The world’s oldest musical instrument is a 60,000-year-old flute made by a Neanderthal from the left thighbone of a young cave bear. Both Neanderthals and cave bears are now long extinct, but music, with all its underlying concepts and aesthetics, lives on with our species.
While music is huge nowadays and the likeliest thing people across the world will list as their ‘favorite’, the humble origins of music are not at all understood, being the subject of debate among scholars. But there are some ideas as to how and why music appeared.
One widely-accepted theory is that music may have evolved as a form of emotional expression or communication. According to this theory, music may have originated as a way for early humans to express their feelings and emotions, such as joy, sadness, or anguish. Over time, music may have evolved to become a more sophisticated form of communication, allowing people to share complex ideas and emotions through sound.
A new study out this week supports this notion. Researchers at the University of Oregon found that subjects who were the most skillful at interpreting other people’s emotional states were also equally skilled at assessing emotions conveyed by various songs.
Zachary Wallmark, a musicologist who doubles as a cognitive scientist at the University of Oregon, was drawn to the theory of how music and empathy basically serve the same role, facilitating social connection through a vehicle of emotional expression. But rather than asking people how empathetic they were, Wallmark and colleagues designed a novel study in which they showed participants videos of people talking about some emotionally charged episode in their lives. They also played piano music that was specifically composed to convey a certain emotional story.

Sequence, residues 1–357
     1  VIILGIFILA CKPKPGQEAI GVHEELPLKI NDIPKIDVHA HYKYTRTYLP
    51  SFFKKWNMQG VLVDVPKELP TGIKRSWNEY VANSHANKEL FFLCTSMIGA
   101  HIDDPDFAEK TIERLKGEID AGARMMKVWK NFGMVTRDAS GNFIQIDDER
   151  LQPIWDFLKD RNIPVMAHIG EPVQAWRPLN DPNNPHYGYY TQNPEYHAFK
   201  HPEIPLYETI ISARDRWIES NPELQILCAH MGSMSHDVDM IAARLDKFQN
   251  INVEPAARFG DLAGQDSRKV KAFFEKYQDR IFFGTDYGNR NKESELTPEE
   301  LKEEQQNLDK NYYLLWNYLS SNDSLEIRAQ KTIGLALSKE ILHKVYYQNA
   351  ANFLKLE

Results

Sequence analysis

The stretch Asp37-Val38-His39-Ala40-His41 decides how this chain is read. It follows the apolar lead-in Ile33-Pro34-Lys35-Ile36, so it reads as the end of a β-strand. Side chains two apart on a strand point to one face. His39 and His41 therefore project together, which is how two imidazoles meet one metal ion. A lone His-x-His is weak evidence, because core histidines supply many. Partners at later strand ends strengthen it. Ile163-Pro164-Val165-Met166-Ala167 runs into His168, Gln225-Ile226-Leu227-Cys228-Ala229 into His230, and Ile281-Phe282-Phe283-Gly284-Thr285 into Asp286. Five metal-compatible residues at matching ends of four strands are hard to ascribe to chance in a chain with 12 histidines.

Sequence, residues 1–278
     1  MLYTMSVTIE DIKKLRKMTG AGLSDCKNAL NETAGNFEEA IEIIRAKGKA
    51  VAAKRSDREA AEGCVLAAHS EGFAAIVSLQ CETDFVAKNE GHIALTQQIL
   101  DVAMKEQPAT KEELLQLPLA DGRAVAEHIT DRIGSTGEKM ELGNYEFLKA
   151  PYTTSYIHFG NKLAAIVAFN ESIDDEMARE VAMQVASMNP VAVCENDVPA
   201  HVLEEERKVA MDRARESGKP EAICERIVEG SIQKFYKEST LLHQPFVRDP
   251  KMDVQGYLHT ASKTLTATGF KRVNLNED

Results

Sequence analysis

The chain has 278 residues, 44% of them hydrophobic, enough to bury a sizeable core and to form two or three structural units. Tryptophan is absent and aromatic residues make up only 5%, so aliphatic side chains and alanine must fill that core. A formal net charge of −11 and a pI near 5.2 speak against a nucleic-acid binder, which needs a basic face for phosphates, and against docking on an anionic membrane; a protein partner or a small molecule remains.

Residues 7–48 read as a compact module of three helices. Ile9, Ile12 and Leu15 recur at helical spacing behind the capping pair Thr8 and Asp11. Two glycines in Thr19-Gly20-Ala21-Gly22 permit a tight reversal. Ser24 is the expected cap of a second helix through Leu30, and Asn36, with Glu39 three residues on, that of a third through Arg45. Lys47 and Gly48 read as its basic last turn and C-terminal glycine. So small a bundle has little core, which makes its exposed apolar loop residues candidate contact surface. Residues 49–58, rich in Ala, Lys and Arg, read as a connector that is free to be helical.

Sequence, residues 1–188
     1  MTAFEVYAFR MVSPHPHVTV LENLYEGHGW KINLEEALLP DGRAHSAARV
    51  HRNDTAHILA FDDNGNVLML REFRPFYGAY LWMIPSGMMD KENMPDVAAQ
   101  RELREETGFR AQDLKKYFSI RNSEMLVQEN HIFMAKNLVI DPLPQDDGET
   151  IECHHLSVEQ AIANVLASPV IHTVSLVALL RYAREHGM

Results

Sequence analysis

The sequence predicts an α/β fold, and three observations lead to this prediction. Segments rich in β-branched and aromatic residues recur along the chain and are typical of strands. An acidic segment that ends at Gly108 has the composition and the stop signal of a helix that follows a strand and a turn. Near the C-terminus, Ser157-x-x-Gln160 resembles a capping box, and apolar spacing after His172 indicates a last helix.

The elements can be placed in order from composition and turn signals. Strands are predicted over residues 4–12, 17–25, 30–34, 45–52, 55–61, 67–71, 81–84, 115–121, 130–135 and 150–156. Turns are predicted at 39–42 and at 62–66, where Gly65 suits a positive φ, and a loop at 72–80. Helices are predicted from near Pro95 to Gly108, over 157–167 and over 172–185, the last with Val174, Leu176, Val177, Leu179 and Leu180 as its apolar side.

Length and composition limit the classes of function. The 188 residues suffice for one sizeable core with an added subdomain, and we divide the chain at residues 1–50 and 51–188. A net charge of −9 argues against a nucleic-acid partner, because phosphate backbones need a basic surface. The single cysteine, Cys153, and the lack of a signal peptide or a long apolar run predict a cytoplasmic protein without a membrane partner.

The interpretations of the participants were then directly compared to the videotaped people’s and the musicians’ own responses. Those who could identify other people’s emotions the best, or whom you might call the most empathetic participants, were equally accurate at assessing the emotions conveyed by the music.
“If music evolved to help us navigate our social environment, and music is first and foremost a social behavior, then we would expect there’d be some sort of shared neural processes underlying both,” Wallmark said, who is now working on a new research sponsored by the Grammy Foundation in which his team will scan the brains of people to see the same neural circuits are activated by empathy and music.
Overall, the origins of music are complex and difficult to determine with any certainty. What is clearer, however, is that music has played an important role in human history and continues to be a powerful force in shaping human culture and society to this day.
The findings appeared in the journal Emotion.